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[Axiom-developer] Re: gcl, shared libraries

From: Camm Maguire
Subject: [Axiom-developer] Re: gcl, shared libraries
Date: 23 May 2007 18:37:15 -0400
User-agent: Gnus/5.09 (Gnus v5.9.0) Emacs/21.2


C Y <address@hidden> writes:

> --- Camm Maguire <address@hidden> wrote:
> > if 1) GCL is currently deficient for axiom use in some regard and 2)
> > we have difficulties addressing said deficiencies via changes to GCL.
> > If both of these are true, I would greatly appreciate you and/or
> > others letting me know the details, as it is and has been a goal of
> > mine to ensure that gcl remains optimal for axiom use.
> Camm, while it cannot (yet) be said to be part of Axiom, the cl-web
> code does not work on GCL at the moment.  There are two obvious things
> I know of and probably others I don't (yet):  1)  read-sequence doesn't
> seem to be present in GCL 2) I'm using trivial-utf-8 for string->array
> and array->string functionality, and I don't know how or if that would
> work on GCL.

OK, these functions are in 2.6.8pre now.  Please let me know if 2)
presents any problem.

> > I must say I'm less than enamored with the cl-foo library development
> > model. Its source level as opposed to binary, and there is no shared
> > library memory savings.  Beyond which, there really doesn't appear to
> > be much of anything available which is not provided elsewhere in
> > faster, smaller, shareable C libraries, though I haven't made any
> > exhaustive study here. 
> I'm sure there are a lot of opinions on this one.  I'm not quite clear

Yes -- by no means do I suppose mine is correct :-)

> as to why the source level is objectionable (don't we simply compile it
> at build time anyway?).  I like the all-lisp solution for the simple

source is not shareable (system memory)
source pushes on the user all compilation problems and time
source presumes more user expertise, particularly rare in lisp
source leaves more work for the user and less for the provider
source consumes more total system resources
source is less well separated from user code
source is easier to provide, and tends to therefore be more changeable
       and less 'hardened'

These issues are reminiscent of gentoo vs. Debian, bash scripting
vs. C code, and even axiom's decision to ship binaries and not just

> reason that it avoids any reliance on the behavior of the C language or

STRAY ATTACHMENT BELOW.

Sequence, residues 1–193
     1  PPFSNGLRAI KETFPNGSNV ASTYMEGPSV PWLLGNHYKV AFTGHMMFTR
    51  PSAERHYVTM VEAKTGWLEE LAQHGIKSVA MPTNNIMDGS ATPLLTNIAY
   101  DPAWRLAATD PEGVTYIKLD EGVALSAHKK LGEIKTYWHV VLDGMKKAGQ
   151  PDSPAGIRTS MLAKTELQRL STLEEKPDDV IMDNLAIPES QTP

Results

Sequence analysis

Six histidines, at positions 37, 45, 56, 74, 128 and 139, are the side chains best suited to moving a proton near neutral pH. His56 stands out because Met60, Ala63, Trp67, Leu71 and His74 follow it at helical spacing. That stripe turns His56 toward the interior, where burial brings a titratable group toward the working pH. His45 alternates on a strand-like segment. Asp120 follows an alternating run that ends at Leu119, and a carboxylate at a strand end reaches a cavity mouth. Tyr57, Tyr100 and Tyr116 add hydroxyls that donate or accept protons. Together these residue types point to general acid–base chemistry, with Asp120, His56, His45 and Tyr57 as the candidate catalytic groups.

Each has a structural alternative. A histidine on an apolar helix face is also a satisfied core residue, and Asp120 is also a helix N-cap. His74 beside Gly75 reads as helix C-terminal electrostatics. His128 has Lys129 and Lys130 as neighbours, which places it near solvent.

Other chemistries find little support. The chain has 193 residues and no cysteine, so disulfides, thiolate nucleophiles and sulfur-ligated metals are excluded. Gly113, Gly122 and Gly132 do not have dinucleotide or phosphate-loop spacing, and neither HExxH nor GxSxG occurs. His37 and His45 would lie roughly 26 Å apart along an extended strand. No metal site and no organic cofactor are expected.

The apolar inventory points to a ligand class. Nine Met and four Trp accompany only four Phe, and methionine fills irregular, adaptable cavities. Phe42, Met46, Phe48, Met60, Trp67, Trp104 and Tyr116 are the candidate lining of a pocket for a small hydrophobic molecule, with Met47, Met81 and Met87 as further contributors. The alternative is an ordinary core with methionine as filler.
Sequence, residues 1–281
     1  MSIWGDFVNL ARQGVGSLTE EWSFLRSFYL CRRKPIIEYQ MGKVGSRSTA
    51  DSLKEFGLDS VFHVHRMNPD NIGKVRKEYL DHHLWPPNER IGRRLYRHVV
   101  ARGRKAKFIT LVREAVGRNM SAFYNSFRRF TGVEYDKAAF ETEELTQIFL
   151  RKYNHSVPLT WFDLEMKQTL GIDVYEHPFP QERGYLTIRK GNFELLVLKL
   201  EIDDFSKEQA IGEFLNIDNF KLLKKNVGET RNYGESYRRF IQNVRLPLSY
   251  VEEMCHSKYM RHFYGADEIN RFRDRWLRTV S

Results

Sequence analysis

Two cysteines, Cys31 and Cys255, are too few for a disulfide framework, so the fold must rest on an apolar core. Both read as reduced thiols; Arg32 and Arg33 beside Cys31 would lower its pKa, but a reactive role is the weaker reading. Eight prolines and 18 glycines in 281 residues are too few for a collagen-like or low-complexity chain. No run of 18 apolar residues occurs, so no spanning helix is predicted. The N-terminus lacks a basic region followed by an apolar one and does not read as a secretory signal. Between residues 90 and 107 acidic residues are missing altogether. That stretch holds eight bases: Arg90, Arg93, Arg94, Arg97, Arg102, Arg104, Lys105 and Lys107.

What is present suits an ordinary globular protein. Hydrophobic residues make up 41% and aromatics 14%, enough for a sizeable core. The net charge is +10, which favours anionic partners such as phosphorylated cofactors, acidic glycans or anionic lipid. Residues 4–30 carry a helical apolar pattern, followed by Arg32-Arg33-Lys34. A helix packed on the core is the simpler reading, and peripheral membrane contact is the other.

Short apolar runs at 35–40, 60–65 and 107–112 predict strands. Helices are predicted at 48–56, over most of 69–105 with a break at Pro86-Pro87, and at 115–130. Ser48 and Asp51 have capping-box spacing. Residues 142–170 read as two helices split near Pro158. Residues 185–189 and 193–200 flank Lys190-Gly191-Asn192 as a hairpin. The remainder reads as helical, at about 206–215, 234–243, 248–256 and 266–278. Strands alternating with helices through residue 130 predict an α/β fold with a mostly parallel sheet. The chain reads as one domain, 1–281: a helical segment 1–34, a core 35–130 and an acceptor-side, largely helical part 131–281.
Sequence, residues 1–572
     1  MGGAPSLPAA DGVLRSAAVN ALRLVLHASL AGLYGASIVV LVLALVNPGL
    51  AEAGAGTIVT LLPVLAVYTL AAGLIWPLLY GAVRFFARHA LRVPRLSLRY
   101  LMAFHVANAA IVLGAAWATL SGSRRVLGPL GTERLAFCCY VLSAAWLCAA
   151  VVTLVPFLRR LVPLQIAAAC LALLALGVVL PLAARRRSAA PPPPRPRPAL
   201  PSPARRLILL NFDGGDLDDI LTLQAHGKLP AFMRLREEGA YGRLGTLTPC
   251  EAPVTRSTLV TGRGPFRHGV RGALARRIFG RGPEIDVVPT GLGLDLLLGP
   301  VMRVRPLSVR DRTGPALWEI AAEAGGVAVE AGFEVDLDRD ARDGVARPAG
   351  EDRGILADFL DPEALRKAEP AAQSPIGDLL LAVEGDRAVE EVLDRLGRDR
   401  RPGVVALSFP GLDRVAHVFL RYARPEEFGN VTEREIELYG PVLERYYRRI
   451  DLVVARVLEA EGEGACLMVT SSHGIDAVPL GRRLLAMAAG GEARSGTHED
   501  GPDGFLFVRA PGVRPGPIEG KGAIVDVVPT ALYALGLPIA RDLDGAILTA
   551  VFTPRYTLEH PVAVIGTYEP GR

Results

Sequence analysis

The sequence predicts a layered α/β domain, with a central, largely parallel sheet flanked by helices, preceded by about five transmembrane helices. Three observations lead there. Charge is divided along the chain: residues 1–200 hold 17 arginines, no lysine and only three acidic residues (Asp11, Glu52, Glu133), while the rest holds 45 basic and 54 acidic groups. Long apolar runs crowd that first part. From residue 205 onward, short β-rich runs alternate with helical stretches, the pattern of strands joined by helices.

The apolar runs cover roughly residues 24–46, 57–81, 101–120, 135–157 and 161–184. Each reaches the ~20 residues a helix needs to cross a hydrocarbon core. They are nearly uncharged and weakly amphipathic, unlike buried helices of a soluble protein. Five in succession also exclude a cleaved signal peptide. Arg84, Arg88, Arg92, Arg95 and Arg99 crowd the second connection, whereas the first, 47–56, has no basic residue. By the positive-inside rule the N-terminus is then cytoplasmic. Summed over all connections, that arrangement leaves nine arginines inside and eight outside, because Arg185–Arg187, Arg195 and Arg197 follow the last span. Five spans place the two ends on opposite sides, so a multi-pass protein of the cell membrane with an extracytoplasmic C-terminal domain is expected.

> compilers, but that's just me.

All that is taken care of once a binary is loaded, in principle at
least.  With source distributions, we depend on the behavior of lisp
*and* C compilers on said code before it can be used (efficiently).
And, sad as it may be, if rely we must, C is a much stabler target
than any lisp, alas.

> > The primary goal should be in fulfilling the ansi-standard and 
> > supporting applications from the past, while offering non-standard
> > interfaces to newer functionality in external shared C libraries.
> > Do we really think cl-fad has a thirty year lifetime ahead of it?
> Is there any reason to suppose it does not?  If it does not, why not? 
> Can it be improved to the point where it DOES have that lifetime ahead
> of it?  Will the problem it solves go away as Lisp implementations
> improve?

I think of this akin to the lifetime of my scripts, vs. the lifetime
of my portfolio optimization code.  Or Joe's sawfish code to change the
color of icons consistently on kde and gnome, vs. the Linux kernel.
In general the quicker and easier the solution, and the more possible
implementors there are, the shorter the lifetime.  It is a question of
weight.  No one will ever rewrite axiom in a similar time frame.  

> > How will we coordinate with all these cl-library developers external
> > to the axiom project when they move on to other things in life?  
> > Will we read all their source and maintain it ourselves? 
> If that source is literate (in the true literate programming sense)
> this should actually be possible.  Also, if the solutions developed are
> good enought that not many changes NEED to be made, it becomes even
> more viable.
> The core of TeX has not changed in any major way for a LONG time, and
> it is STILL the best tool for the problem it solves.  This is the kind
> of development I would like to see Axiom pursue - the solution of
> problems in such a fashion that there is no need or incentive to solve
> them again.

Could not agree more here.  So we should not rewrite TeX in lisp, but
rather find a way to use this excellent tool from within lisp.

> There should be NO dark corners or black magic anywhere in the software
> chain.  We should be able to look up the code for any point in the
> process, and read the explanations for purpose and method wherever we
> need to.  I know this is not possible at the moment, and maybe not for
> decades, but it is still a goal I would like to work towards.


> Anyway.  Thank you for the work you have been putting into GCL to help
> support Axiom!  My only concrete question at the moment really relates

My pleasure.  And thank you so much for your tremendous contributions
as well!  Axiom owes so much to dedicated developers like yourself.

Take care,

> to read-sequence - is this something GCL plans to add?
> Cheers,
> CY
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Camm Maguire                                            address@hidden
"The earth is but one country, and mankind its citizens."  --  Baha'u'llah

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